Pecan pie begins with pecans. (Whoa! Who’d’a thunk?)
We have several pecan trees on our place. Two of them are highly-bred modern varieties; one produces fairly large nuts with thin shells, the other nothing much — the green hulls never open and drop the pecans. My wife calls them “Choctaws”. I don’t know. Back in East Texas we would simply have referred to them as “paperhulls”. There is a third, much smaller tree that yields pecans a little smaller than the “Choctaw”, but it’s been in the shade of a big ugly hackberry all its life.
There’s also a big, old tree along the road fence line that produces what East Texans call “field” pecans — a little bigger than the first joint of a man’s little finger, aspect ratio about 3, with extremely durable shells, and a number of smaller ones that yield the same nuts. Then there are a few that make a somewhat larger nut, more nearly round, but just as hard, which is an “Indian” pecan in my childhood terminology.
Now, it’s long been my theory that the amount of flavor in fruits, nuts, berries, etc. is fixed based on species. Breeding and genetic engineering create varieties that produce larger and prettier ones, but the bigger, fancier versions don’t have any more flavor than the little hard originals, so the big ones taste bland and mealy in comparison. That’s certainly true of the pecans on our place. The “field” and “Indian” pecans are hard to shell and virtually impossible to get whole meats out of, but are oily and intensely flavored, where the “Choctaw” or “paperhull” pecans are big and pretty but relatively bland.
So when I decided to make a pecan pie — the first one I’ve ever personally made — I started by shelling Indian pecans. You need a specialized instrument to get much from the field pecans, but only persistence is required for the Indians. In half an hour I collected about half a cup of nutmeats, none of them whole, mostly in one-millimeter fragments. Since I wanted a bit over a cup of nutmeats, I caved in at that point and shelled enough of the Choctaws to fill it out.
Pecan pie, to me, is my mother’s recipe plus inferior imitations. Some of the latter use milk, for heaven’s sake. Note that my mother was, overall, a lousy cook — it took me years after leaving home to figure out that the reason I hated cruciform vegetables was because of the way she cooked them, especially cauliflower — but when it came to dessert, well, mmmm. She maintained the recipe in arch, imitation-old-fashioned form, but it’s pretty much the Joy of Cooking one, which I will give first as she did, then with “real” measurements:
9″ shallow pie shell, normal flour/shortening crust (but use lard, guys, it just tastes better), NOT “deep dish”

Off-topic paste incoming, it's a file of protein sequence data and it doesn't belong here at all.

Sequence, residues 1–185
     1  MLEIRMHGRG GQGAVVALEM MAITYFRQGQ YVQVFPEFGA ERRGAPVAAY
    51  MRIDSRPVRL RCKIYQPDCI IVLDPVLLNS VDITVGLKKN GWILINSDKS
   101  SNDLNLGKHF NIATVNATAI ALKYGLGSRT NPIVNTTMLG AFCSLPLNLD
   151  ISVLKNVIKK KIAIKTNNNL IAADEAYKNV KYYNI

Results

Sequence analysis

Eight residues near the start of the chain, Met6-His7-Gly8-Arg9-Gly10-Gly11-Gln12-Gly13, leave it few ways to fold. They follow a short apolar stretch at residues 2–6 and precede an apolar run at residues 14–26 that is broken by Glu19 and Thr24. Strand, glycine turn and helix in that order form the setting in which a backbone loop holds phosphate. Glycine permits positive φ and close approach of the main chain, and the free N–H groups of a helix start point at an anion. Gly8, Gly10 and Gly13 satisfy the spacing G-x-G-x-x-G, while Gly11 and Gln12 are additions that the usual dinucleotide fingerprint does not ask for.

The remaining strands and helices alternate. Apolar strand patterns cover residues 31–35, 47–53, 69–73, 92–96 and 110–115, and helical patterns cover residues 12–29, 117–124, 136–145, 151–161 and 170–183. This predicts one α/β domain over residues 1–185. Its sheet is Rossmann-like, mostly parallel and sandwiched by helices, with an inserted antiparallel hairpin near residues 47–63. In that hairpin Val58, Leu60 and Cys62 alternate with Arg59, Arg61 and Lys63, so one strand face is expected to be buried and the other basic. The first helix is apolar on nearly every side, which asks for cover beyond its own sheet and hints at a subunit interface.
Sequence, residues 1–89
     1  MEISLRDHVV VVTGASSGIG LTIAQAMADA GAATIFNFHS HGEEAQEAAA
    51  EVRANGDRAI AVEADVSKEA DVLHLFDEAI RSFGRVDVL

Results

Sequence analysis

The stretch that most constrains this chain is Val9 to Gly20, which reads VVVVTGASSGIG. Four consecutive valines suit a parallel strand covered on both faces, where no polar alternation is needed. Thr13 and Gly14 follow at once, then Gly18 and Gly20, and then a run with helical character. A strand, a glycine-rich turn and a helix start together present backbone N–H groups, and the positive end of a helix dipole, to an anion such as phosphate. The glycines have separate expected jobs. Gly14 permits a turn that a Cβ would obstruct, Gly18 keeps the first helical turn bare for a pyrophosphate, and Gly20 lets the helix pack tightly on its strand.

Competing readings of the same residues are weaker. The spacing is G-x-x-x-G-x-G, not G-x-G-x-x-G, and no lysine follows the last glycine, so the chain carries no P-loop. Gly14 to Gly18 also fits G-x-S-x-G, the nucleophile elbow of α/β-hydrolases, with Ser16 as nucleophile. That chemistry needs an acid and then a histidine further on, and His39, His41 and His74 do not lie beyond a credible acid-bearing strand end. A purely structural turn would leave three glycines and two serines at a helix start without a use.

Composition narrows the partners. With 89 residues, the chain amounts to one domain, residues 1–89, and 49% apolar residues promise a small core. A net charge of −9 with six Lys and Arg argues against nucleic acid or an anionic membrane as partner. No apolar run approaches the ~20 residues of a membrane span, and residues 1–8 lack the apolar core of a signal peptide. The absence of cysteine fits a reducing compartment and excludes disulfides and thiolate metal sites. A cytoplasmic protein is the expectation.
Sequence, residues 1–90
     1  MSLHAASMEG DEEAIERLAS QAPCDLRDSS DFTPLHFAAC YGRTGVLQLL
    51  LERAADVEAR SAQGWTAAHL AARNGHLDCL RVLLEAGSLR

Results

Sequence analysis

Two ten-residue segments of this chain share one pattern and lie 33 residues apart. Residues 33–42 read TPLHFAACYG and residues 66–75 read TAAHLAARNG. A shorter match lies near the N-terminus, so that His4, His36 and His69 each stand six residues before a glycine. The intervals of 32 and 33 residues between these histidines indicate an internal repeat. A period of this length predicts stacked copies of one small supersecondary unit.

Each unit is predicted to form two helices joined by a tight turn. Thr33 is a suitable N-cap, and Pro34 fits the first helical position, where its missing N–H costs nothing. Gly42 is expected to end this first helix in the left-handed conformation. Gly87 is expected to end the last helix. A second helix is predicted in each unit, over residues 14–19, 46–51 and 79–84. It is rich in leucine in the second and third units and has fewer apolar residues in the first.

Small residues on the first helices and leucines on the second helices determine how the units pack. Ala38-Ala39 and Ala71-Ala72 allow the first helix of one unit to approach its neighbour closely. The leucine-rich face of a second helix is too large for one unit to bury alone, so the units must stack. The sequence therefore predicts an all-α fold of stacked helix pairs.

A lump of butter the size of an egg (1/4 cup)
A double-handful of brown sugar (one cup, packed)
A generous handful of corn syrup (half a cup)
A capful of vanilla (one teaspoon)
A dash of salt (1/4 teaspoon)
Two handfuls of pecans (1 to 1-1/2 cups) BROKEN UP
Which type of brown sugar and which of corn syrup is up to you. Mother used dark brown sugar and light corn syrup, or light brown sugar and dark corn syrup, according to what was available. Don’t omit the salt in a misplaced attempt at “low sodium”. The pie won’t set up properly. Pecan pie is not a health food, anyway.
It is important that the pecans be mostly fragments, especially if all you can get is pre-shelled packaged ones from the supermarket. The flavor-laden stuff from the nutmeats leaches out into the batter when the pie is cooked, so you get a pie that tastes like pecans rather than a sweet clear stuff with nutmeats on top. (If you want a pretty pie, with nicely arranged whole nutmeats arrayed across the surface, go elsewhere, please.)
Take the ingredients out of the fridge. Prepare the pie shell. The time needed to mix, roll, etc. the pie crust will give the ingredients time to warm to room temperature, which will help a lot.
Turn the oven on. You want it preheated to 350F (180C). While the oven is heating, cream the butter and sugar to a more or less consistent mixture, then add the eggs one at a time. (Don’t beat or overstir unless you want a sort of crusty browned meringue over the top of the finished pie — I like it that way, but lots of people don’t.) Add the corn syrup, vanilla, and salt, and stir thoroughly. Fold the pecans in throughout the mixture, then pour the batter into the crust.
When you get done with that the oven will be preheated, so put the pie on the middle shelf. Check it after half an hour. If the crust is starting to brown all the way ’round, the pie is done. If not, leave it in up to ten more minutes. I overcooked mine as well as over-beating it, so it came out a bit more toasted than I really liked, but hey! — like I said, it was my first personal effort thataway.
Important: Let it cool for a while before diving in. I like for pecan pie to have just a hint of warmth remaining. If you have done all that right, the pie will “set up” — that is, the filling will be a semi-solid, not runny. If you must garnish it, stay away from the ice cream. Barely-sweetened whipped cream is nice.
You can make the same pie with walnuts, and if you are a VERY patient and persistent nutcracker you can do it with hickory nuts, which puts the pecan version in the shade. Some people like to add chocolate chips, but I don’t like that. While making the pie it occurred to me: has anybody ever tried it with mesquite beans? They’re edible, with an odd smoky flavor that isn’t at all disagreeable. Maybe next year I’ll collect some and try it.
Enjoy. Things have been a bit hectic ’round Chez Locke the last couple of weeks, so I haven’t been at the keyboard much. How ’bout them CRUdites?